d) Syllabus Changes and Current Information: Class Website

Dates and assignments documented in this syllabus are subject to change at my discretion, meaning that this paper version of the syllabus will become outdated as the term progresses.  While I’ll try to announce significant changes to our syllabus during class meetings, the electronic version of the syllabus posted on the class website will be constantly updated and provides a definitive reference.  Indeed, our class website is your best source for current course information.  Refer to it often…

e) End of Semester Online Course Evaluations

Northern Kentucky University takes Instructor and Course Evaluations very seriously. It is an important responsibility of NKU students as citizens of the University to participate in the instructor and course evaluation process. During the two weeks prior to the end of each semester classes, you will be asked to reflect upon what you have learned in this course, the extent to which you have invested the necessary effort to maximize your learning, and the role your instructor has played in the learning process. It is very important that you complete the online evaluations with thoughtfully written comments. 

Starting Spring semester 2011, the students who complete an evaluation for a particular course (or opt out of doing so in the evaluation) will be rewarded for their participation by having access to their course grade as soon as that grade is submitted by the instructor.  On the other hand, any student who does not complete the course evaluation (or opt out of doing so in the evaluation) should expect to incur a two week delay in  access to his or her course grade beyond the university's official date for grade availability.

To complete online evaluations go to Click on "student login" and use the same username and password as used on campus.

f) Other Policies

·         You are training to be effective managers.  Be responsible for your development.

·         Manage conflicts and deadlines like the workplace.  Plan and notify ahead.  Avoid surprises.

·         No exceptions to class policies or deadlines unless obtained from me in writing.

·         No grades given over phone or email. 

·         No operation of electronic devices (e.g., cell phones, laptops) during class.

·         No assignments accepted via email unless we have made arrangements in writing in advance.

·         All written work greater than one page must be stapled (not clipped, folded, etc).

·         Hardcopies of work are due in class on the due date.  No late work will be accepted (this includes excuses due to ‘lab printer problems’).  Give yourself time to deal with unforeseen problems.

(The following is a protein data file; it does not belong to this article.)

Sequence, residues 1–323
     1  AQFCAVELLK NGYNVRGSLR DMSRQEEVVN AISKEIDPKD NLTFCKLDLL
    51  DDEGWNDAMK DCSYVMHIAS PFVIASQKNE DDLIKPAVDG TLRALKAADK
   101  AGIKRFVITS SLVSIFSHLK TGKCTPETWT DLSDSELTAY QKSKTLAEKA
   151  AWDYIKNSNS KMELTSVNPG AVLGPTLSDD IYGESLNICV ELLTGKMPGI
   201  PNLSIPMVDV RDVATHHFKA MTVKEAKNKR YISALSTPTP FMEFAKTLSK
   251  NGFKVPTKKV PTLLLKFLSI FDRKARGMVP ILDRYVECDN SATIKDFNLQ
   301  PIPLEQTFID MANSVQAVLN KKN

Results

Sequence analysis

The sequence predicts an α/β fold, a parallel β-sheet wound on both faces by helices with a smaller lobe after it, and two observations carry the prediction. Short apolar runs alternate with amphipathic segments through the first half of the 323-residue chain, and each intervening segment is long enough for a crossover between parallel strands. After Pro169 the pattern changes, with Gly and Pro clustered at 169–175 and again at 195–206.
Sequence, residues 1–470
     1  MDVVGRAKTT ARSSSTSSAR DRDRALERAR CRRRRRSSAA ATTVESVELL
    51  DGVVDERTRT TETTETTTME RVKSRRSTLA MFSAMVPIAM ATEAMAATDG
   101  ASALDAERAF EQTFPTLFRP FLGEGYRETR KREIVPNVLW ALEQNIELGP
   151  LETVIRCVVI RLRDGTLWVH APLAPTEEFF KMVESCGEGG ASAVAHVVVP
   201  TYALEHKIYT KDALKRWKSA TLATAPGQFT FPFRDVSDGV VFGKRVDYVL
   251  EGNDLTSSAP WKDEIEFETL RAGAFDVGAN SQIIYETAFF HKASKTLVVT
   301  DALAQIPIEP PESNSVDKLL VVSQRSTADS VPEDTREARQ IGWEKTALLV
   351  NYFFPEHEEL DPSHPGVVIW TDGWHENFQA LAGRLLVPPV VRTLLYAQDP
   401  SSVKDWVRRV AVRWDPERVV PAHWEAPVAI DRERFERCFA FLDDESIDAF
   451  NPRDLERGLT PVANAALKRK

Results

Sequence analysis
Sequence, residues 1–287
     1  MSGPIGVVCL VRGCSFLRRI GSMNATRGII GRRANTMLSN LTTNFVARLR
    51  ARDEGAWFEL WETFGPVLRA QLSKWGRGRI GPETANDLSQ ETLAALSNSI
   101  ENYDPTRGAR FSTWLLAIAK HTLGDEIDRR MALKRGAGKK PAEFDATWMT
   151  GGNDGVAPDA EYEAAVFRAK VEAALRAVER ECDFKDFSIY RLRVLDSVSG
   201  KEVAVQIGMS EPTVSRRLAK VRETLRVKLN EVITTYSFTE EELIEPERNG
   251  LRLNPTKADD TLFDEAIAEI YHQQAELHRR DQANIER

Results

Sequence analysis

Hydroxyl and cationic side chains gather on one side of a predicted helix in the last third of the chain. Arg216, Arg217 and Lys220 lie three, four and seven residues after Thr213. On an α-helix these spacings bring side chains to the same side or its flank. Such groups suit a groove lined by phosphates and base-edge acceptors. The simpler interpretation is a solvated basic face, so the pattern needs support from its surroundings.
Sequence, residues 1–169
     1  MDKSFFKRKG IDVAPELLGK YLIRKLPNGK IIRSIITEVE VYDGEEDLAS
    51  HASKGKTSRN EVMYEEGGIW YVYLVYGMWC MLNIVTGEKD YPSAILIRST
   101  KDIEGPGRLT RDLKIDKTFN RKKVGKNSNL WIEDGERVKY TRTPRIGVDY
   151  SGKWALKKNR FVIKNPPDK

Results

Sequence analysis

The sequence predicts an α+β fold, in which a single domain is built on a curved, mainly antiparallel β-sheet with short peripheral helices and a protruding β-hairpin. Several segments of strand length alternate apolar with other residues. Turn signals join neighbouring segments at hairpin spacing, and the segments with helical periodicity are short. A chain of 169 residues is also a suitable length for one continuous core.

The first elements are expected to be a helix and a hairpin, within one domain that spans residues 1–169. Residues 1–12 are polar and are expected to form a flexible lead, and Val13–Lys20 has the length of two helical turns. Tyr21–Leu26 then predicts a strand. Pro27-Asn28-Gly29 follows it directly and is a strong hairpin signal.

Tentative Schedule

Week of

Topic Useful Links Assignments and Extra Credit


Definitions, history, key elements Study note guide 

memo tips

sample memos

Professionalism tips

calculating % difference

model memos

NKU Blackboard

Syllabus pdf



Logistics & transportation US Productivity data

Shipping containers

Transportation sector info

WR:Mattoon Mapquest

BOL Example

Reading Q&A Assignments



Logistics (cont'd)

memo tips; Sample memo


Empty Container City

Riding the Money Train

Picture History of Railroads

Economic Shipping Policy A1


Supply chain configurations

Top 25 Supply Chains

Novak & Eppinger (2001)

From Farm to Fork

Class Forum 1



Distribution channels

US capacity data

Student resource page

Veggie Tales 





AT&T Supplier Management

Infineon Supply Mgt

Raytheon Supplier Rating System

Make or Buy? A2

Network Building EC


Purchasing (cont'd)

Purchasing Mgt Job video

Commodity Prices

Here Comes $500 Oil

Supplier Report Cards A3

Class Forum 2



Exam I   RQA 3



Inventory mgt

Inventory:sales graph

z table1, z table2

EC Credit Markets


Inventory mgt (con'd) The Struggle to Get Lean

Ordering DVDs A4

EC SCM Innovation

10/29 Material handling and warehousing

Beer Game/Business Cycle I

Beer Game/Business Cycle II


11/5 Information management in supply chains

Bullwhips and Beer site

Scanning the Globe

Wireless Grapes

Little's Law A5



11/12 Asset management

Resume thoughts

Apple's SCM Prowess

Class Forum 3

EC Golden Rectangle

11/19 E-commerce

Railroad/logistics update


11/26 Managing supply chain risk

A Meditation on Risk

Risk is His Business

An Executive Risk Handbook

Fear of a Black Swan

Supply Chain Risk Mgt

Asset Management Metrics A6


12/3 Power in supply chains; Global SCM

Why Wal-Mart Wants to Take the Driver's Seat

Cool & Henderson (1998)

Risk Management A7

Last day to submit revised assignments

12/10 Exam II during final exam week Campus exam schedule


mgt 307 potpourri archives